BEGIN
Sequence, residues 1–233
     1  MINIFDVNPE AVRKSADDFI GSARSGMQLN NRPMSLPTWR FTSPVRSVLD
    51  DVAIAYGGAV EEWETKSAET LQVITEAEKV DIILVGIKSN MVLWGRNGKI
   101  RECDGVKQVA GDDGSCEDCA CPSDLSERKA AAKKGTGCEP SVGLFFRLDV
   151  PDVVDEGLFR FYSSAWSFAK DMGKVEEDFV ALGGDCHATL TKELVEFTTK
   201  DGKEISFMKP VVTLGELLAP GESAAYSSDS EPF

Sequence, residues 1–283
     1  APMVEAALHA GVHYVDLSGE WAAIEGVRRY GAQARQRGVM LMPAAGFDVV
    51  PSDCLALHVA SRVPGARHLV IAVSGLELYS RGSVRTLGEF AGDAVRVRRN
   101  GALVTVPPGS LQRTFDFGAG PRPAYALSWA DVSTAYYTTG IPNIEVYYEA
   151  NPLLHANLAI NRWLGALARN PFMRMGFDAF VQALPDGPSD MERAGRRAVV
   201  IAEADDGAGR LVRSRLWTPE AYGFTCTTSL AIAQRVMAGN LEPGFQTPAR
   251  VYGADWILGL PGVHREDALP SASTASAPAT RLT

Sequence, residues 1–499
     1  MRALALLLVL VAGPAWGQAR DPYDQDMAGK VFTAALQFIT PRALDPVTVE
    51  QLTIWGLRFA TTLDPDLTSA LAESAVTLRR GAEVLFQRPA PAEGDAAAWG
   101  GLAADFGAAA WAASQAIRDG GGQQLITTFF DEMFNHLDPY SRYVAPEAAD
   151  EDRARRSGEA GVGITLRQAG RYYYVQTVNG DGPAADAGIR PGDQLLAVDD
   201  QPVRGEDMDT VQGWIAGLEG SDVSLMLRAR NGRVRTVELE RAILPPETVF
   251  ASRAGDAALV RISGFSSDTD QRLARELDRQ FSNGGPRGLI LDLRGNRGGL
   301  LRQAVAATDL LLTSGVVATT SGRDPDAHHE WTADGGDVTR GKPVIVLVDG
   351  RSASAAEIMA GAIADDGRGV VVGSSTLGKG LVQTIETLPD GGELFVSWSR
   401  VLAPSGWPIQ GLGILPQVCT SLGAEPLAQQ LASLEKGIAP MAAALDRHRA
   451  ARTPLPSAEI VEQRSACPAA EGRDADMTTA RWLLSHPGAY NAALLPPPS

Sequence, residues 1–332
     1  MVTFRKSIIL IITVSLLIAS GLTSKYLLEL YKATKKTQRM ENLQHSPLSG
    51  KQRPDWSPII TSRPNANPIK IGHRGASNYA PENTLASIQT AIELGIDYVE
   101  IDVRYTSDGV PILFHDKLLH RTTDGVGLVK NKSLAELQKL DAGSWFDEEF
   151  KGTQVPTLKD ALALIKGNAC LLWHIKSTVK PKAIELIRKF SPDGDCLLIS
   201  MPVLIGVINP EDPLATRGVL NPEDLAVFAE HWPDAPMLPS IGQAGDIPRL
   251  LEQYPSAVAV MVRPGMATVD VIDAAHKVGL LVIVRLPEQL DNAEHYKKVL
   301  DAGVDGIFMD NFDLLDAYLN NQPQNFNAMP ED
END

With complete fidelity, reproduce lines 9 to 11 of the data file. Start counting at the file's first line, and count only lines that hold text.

    51  PSDCLALHVA SRVPGARHLV IAVSGLELYS RGSVRTLGEF AGDAVRVRRN
   101  GALVTVPPGS LQRTFDFGAG PRPAYALSWA DVSTAYYTTG IPNIEVYYEA
   151  NPLLHANLAI NRWLGALARN PFMRMGFDAF VQALPDGPSD MERAGRRAVV